Judge rejects evidence regarding Ft. Hood shooter’s motive
FT. HOOD, Texas — Military prosecutors cannot present most of the evidence they had sought to show what motivated the accused Ft. Hood shooter, a judge ruled Monday.
Maj. Nidal Malik Hasan, 42, an American-born Muslim, faces a court-martial this week on 13 charges of premeditated murder and 32 charges of attempted premeditated murder in connection with the shooting at this central Texas base on Nov. 5, 2009.
Prosecutors have spent the first nine days of the trial building their case against Hasan through testimony from more than 75 witnesses. If convicted, the Army psychiatrist could be sentenced to death by the military jury of 13 officers.
Hasan admitted to the shooting in his opening statements. In a letter to the Killeen Daily News published over the weekend, Hasan said he “was defending my religion” and that it was “not acceptable to have a foreign policy that tries to replace [Muslim Holy] law for a more secular form of government.”
He wrote, “Fledgling Islamic states like Afghanistan need help to better govern their people under” Muslim holy law, or sharia. He then added, in a line that echoed his opening statement, “We are imperfect Muslims trying to establish the perfect religion of All-Mighty God.”
Hasan is representing himself in this case, and has attempted to mount a “defense of others” legal strategy, arguing that he shot fellow soldiers preparing to deploy in an effort to protect Taliban leaders. So far, the military judge, Col. Tara Osborn, has rejected that defense, but in the latest letter, Hasan again offered an explanation of his actions. He also cited Francis Boyle, a University of Illinois law professor, as establishing that wars in Iraq and Afghanistan are “illegal and unconstitutional.”
Prosecutors have pushed the judge to admit evidence of Hasan’s motive and radicalization — that he searched the Internet for information about a holy war or jihad and made an academic presentation about Muslim soldiers conflicted about fighting in Iraq and Afghanistan (at the time of the shooting, Hasan was facing imminent deployment to Afghanistan).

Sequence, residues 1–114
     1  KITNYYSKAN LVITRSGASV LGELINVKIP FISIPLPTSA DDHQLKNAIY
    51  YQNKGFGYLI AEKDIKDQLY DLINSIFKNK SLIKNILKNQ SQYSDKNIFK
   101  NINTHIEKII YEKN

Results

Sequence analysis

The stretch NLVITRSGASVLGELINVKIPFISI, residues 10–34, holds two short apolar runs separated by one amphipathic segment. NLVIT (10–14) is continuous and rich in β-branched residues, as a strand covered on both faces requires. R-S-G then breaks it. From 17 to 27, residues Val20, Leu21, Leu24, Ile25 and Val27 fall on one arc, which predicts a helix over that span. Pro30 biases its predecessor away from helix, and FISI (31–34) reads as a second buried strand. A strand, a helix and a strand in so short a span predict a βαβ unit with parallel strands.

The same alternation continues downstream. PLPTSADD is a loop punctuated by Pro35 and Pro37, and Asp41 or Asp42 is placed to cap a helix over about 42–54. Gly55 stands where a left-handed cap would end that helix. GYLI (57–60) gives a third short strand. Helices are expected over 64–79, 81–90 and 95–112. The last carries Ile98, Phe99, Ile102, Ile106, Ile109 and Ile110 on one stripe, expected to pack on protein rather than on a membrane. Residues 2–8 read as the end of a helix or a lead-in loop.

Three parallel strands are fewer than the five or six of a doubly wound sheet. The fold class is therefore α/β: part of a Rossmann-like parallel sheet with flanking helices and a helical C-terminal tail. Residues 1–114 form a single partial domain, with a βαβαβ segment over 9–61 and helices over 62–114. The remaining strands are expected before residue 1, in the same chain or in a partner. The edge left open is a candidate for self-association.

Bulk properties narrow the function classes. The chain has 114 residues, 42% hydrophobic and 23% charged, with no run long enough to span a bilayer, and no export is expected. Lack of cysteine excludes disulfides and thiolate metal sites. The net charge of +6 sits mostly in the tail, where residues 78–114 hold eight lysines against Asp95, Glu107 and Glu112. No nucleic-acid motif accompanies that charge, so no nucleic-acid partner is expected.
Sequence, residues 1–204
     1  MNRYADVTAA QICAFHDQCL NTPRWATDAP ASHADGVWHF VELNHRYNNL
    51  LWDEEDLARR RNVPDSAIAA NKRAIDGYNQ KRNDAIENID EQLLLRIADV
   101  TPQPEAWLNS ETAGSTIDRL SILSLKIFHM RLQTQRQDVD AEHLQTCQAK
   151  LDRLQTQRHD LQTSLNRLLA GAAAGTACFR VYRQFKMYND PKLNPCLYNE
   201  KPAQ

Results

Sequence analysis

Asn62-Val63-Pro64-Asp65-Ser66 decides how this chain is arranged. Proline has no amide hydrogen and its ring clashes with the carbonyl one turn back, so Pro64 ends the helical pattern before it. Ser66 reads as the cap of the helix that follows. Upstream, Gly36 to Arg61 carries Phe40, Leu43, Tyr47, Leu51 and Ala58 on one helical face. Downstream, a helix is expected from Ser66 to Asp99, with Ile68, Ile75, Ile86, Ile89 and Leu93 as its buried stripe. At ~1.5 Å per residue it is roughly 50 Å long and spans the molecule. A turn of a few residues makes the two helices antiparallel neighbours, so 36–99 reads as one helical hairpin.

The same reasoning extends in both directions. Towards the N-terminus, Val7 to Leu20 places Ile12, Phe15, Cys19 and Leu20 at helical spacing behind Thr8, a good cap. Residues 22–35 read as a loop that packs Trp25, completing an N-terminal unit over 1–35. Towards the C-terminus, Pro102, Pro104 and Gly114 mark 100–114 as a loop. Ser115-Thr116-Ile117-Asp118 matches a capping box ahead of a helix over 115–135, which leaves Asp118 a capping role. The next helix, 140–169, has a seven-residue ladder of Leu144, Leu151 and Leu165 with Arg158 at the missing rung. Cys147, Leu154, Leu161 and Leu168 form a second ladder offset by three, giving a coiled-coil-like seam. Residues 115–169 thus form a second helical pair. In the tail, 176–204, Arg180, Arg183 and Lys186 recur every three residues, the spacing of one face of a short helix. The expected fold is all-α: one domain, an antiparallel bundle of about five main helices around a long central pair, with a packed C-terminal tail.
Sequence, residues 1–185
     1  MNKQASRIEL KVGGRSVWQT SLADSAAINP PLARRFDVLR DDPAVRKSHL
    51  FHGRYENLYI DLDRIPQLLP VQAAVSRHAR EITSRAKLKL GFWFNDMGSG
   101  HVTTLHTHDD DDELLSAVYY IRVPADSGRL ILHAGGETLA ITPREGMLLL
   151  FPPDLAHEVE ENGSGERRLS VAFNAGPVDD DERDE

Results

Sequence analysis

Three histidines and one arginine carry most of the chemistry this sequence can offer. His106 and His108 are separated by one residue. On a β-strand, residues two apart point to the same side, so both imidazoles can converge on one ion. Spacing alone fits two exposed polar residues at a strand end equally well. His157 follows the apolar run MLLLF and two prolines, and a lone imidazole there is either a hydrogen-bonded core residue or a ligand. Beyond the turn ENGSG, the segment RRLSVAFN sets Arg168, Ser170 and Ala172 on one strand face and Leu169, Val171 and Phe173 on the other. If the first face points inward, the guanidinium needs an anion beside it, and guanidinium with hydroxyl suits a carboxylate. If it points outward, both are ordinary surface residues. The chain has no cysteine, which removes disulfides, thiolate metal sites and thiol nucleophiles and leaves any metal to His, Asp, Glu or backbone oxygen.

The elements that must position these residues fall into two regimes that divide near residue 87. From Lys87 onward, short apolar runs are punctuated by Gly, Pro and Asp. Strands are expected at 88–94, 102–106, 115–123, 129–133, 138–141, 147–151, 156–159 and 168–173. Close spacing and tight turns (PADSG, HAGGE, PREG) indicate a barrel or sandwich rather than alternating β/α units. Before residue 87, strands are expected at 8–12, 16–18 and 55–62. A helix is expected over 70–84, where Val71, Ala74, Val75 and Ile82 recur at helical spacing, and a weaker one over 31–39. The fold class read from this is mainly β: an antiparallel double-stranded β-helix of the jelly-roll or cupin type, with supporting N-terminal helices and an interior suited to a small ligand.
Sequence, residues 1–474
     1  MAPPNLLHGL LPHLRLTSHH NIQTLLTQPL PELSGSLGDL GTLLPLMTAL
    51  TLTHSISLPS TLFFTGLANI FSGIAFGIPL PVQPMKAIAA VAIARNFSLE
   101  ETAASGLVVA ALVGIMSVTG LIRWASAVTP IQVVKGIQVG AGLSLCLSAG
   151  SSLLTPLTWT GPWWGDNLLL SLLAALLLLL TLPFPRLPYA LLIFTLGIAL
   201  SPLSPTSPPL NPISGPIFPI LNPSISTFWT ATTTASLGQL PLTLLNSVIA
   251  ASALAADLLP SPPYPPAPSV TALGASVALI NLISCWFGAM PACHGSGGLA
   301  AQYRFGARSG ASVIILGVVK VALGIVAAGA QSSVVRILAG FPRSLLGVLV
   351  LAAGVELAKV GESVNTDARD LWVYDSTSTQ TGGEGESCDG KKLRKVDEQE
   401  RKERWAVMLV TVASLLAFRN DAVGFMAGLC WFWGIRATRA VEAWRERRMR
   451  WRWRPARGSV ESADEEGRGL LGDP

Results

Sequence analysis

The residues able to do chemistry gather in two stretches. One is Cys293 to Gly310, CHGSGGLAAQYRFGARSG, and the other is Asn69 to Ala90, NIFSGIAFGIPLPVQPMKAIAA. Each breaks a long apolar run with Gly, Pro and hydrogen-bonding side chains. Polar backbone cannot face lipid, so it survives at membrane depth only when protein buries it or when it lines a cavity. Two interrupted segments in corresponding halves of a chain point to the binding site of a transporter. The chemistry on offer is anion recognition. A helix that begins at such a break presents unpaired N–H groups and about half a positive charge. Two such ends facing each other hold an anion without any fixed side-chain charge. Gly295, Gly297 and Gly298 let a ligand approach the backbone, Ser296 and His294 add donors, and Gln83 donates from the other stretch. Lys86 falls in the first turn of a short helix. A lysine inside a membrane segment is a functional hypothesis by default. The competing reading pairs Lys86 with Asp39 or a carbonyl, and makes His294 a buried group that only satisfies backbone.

They wanted to present evidence that Hasan pursued conscientious objector status and a fellowship to avoid deploying; that he researched Hasan Akbar, a Muslim soldier convicted of murdering members of his own unit as they prepared to invade Iraq; and about an exchange of emails -- they wouldn’t say with whom, but the FBI has said Hasan traded emails with radical Muslim cleric Anwar al Awlaki, whom he identified in his latest letter to the Killeen newspaper as “my teacher and mentor and friend.”
Osborn said prosecutors could admit some evidence from Hasan’s computer dated shortly before the shooting, including Internet searches and favorite Web pages.
But she rejected the rest, saying most of it was too old, would confuse jurors and “muddy” the distinction between motive and Hasan’s “defense of others” arguments.
Osborn noted that Hasan’s academic presentation was open to interpretation — perhaps he made it to educate classmates about how to better treat Muslim soldiers, she said. The judge emphasized that “Sgt. Akbar is not on trial in this case” and said presenting that evidence “would only open to door to a mini-trial” with the potential for “guilt by association.”
The judge had said she expected the trial to last at least a month, but it has moved more quickly, since Hasan rarely objects or questions witnesses. Prosecutors said they expect to call 15 more witnesses.
It is not clear whether the jury of 13 officers, all Hasan’s rank or higher, will hear testimony from the civilian Fort Hood police officer who shot and felled Hasan, Senior Sgt. Mark Todd. Hasan who remains paralyzed and is in a wheelchair.
Todd testified at a pretrial hearing, but earlier this month prosecutors told the judge that Todd now has a medical condition that would make it difficult for him to testify. On Monday, they submitted his previous testimony and asked the judge to accept it in lieu of having him testify again. The judge initially denied their request, then said she would consider it again once prosecutors presented more evidence.
Hasan had said he will call two witnesses, one of whom he removed from his witness list last week. It is unclear whether Hasan plans to testify, and if so, how. Military legal experts have told The Times that Hasan could be allowed to speak freely from the stand, or to submit questions for the judge or his military legal advisers to ask him. If he takes the stand, they noted, Hasan also opens himself up to cross-examination.
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